Scientific libraries are being destroyed by the government of Stephen Harper in Canada. Members of the same government continue to stall on the establishment of environmental standards for the oil industry. To the south the congress of the United States has ground to a halt because fanatical elements in one party have constructed a false history of their country, apparently with no nobler goal than to destroy government and give everyone a gun.
Government agencies, most visibly in the U.S., are at work, seemingly intent on collecting every thought of every person. They do it with the excuse that they are protecting these same people, trying to pretend that thought and action control is not the goal. The U.S. government is imposing its tax laws on other countries. Meanwhile, many library administrators are at work destroying knowledge by trashing books and journals or condemning them to obsolescence via electronic media. Many CEOs of large corporations are amassing huge sums of money for themselves and, to a lesser extent, their shareholders, while fighting unions, off-shoring jobs, and pushing more and more people from the middle class to the working poor.
Though the trend lines for the issues outlined above don’t look very promising, no one can tell for certain where we’re headed. Despite recent suggestions that the humanities are headed the way of the middle class, literature provides the most vivid roadmaps, if not the most certain. Are we headed toward the world of corporate and government control over a remnant of clueless semi-humans depicted in Margaret Atwood’s “MaddAddam” trilogy? Or maybe something closer to thought-controlled, past-less and soulless world of George Orwell’s 1984? We can hope the end result will not be like the post-Nazi conquest Britain of Robert Harris’s Fatherland, nor quite as hopelessly grim as Cormac McCarthy’s The Road – though the paranoia and deceit of Vichy France in Alan Furst’s “Night Soldiers” series do seem at times disturbingly contemporary. But maybe there are other, more hopeful pathways open to us?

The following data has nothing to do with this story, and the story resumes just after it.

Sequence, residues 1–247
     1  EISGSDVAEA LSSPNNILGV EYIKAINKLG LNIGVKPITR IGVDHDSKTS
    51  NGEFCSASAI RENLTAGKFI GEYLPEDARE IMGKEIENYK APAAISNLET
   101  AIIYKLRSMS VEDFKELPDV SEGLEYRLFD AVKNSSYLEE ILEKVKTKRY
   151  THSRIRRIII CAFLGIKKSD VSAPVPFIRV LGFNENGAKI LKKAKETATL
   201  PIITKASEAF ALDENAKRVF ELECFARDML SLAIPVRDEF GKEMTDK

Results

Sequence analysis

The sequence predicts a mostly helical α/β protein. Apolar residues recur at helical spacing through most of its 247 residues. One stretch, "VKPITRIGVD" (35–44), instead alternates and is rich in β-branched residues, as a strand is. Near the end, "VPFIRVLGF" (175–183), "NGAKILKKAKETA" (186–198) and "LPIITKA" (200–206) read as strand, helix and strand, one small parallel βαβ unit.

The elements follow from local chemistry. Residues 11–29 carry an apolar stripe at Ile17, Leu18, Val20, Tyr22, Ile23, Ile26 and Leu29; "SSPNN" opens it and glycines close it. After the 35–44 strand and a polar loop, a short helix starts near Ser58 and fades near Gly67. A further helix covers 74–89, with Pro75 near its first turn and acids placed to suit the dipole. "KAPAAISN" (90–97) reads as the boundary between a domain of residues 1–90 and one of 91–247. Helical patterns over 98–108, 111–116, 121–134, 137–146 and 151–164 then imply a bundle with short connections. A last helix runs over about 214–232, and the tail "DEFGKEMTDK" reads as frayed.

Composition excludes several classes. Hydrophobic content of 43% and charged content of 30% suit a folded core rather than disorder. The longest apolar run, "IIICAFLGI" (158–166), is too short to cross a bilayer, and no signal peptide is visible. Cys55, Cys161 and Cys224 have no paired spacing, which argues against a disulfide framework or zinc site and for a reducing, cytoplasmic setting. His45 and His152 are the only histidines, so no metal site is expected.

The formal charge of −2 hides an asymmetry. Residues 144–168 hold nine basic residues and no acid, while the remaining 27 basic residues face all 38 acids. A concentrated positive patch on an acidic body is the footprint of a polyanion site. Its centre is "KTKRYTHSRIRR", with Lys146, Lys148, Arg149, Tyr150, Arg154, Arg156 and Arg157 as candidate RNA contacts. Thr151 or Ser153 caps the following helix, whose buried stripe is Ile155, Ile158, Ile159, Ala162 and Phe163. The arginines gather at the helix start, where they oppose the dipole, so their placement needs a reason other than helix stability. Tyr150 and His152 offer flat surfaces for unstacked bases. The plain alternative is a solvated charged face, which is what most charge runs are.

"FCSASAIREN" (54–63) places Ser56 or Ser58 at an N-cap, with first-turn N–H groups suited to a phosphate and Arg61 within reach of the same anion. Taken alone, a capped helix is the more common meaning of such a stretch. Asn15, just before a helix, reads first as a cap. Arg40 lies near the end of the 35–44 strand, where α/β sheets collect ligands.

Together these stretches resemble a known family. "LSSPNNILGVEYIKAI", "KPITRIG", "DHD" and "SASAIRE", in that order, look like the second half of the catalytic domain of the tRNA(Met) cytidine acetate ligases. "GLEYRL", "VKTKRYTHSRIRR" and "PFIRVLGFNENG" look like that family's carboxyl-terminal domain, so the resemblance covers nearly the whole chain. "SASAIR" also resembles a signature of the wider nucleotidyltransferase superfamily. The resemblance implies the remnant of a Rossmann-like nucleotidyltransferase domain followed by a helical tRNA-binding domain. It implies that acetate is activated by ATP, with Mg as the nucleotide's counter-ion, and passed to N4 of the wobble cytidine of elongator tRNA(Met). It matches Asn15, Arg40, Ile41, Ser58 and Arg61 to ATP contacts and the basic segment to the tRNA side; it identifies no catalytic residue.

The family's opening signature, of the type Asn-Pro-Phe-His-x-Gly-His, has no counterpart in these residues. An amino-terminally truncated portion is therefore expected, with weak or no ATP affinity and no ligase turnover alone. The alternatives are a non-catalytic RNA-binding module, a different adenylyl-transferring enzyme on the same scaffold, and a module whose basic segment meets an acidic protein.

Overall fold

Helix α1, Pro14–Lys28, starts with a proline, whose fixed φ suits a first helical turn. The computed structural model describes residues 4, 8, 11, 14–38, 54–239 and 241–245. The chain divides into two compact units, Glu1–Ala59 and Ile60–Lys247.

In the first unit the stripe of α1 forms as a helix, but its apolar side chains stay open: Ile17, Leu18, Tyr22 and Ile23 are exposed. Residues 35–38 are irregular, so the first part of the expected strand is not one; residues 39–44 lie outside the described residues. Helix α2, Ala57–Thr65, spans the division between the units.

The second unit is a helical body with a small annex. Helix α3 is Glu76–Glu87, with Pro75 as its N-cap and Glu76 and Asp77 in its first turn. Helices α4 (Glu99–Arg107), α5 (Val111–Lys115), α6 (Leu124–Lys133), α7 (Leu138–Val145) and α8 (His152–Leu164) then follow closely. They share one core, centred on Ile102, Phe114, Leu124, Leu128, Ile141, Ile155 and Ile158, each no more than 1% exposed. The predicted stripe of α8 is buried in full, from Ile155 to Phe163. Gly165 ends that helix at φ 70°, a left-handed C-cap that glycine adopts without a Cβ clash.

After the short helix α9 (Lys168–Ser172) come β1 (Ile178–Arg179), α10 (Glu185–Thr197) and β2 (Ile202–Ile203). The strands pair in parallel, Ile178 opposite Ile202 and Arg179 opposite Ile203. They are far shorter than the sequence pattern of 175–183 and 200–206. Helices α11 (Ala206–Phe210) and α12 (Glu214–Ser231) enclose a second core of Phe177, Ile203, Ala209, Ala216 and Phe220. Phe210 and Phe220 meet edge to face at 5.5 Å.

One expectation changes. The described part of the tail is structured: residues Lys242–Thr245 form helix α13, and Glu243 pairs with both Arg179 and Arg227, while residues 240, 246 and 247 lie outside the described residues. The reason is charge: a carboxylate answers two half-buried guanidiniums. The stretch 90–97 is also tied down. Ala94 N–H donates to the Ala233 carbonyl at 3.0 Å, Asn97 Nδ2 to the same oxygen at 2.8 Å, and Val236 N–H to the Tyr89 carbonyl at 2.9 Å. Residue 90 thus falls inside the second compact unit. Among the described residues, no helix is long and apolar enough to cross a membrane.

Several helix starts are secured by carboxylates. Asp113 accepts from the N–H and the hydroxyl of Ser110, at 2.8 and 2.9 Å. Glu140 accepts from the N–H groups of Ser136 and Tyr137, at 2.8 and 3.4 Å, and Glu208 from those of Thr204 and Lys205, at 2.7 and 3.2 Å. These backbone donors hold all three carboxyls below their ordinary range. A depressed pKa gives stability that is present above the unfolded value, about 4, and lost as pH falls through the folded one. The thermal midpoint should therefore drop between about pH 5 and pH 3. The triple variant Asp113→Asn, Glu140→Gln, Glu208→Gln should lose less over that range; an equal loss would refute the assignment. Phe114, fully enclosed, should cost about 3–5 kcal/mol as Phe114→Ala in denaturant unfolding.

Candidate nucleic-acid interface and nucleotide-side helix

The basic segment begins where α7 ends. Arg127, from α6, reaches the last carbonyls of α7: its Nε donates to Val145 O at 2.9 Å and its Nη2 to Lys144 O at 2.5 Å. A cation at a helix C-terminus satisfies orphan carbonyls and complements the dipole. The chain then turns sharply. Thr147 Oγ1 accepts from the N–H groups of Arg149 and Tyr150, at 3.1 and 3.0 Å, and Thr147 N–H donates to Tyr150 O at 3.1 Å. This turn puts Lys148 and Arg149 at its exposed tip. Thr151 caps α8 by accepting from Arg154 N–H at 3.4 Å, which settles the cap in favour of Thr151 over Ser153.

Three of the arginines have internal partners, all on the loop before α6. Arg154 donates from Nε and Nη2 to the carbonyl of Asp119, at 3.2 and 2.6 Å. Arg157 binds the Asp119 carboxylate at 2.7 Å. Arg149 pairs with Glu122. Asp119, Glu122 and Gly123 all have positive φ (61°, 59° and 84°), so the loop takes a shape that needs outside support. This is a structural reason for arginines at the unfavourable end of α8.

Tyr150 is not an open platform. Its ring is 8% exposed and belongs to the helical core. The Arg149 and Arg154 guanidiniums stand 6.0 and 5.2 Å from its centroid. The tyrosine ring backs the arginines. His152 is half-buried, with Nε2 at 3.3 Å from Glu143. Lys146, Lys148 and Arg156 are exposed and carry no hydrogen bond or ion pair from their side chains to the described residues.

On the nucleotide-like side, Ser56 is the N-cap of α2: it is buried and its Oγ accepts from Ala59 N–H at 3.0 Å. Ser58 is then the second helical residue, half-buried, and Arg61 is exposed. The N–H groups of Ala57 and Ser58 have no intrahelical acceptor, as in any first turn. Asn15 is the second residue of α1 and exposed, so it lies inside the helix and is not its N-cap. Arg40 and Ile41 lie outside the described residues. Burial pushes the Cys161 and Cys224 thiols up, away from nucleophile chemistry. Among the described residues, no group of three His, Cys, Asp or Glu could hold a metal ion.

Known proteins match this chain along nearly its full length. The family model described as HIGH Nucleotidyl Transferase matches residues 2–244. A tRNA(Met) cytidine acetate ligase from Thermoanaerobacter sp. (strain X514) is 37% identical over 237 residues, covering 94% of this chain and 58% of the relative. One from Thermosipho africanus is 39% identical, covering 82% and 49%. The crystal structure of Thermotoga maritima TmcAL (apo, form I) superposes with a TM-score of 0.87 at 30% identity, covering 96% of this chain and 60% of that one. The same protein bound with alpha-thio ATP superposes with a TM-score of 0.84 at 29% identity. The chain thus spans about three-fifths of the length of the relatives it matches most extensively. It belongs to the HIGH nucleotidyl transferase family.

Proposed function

We’re curious, what do you think? What books would you recommend we all read to get ready for whatever brave new world is awaiting us in 2014 and beyond? Please make your suggestions in the comments section below – after all, there’s no reason we shouldn’t be well read, even as the hand basket descends.
– Michael Hayden
Being Dead by Jim Crace
We may not die in 2014, but we’re guaranteed to be dead someday. Why not preview the poetic side of death and decay?
On a societal level, I have to go with this short story in the Coachella Review (full disclosure: written by moi) about videovoyeurism and the collective loss of personal privacy.
It’s always great to return to some of the early dystopian visionaries, Orwell, Huxley, Vonnegut…and then for a laugh, watch Idiocracy or Soylent Green :)
You have my vote for Atwood’s MaddAddam trilogy. Chickie Nobs!
JoAnn Valenti suggests 2052, by Jorgen Randers, a nonfiction book of forecasts that we both felt was worthy of an honorable mention for the 2012 Rachel Carson Book Award, for which we were judges.
I haven’t read them in years, but that won’t stop me from recommending them for the coming apocalypse of stupid that is shortly to descend upon us.
The Gilded Age, by Mark Twain
Corruption and the Decline of Rome, by Ramsay MacMullen
Something to escape by. Try Swahili for the Broken-Hearted; Cape Town to Cairo by Any Means Possible. It is by Peter Moore and will take you away from the horrors of the things Tom has written about. While you read it you will not even think about them, but be captivated by his humour and insight. Sadly the book will only be a temporary escape, but I’m enjoying every word as I wait in Schipol airport for the flight back to freezing Minneapolis.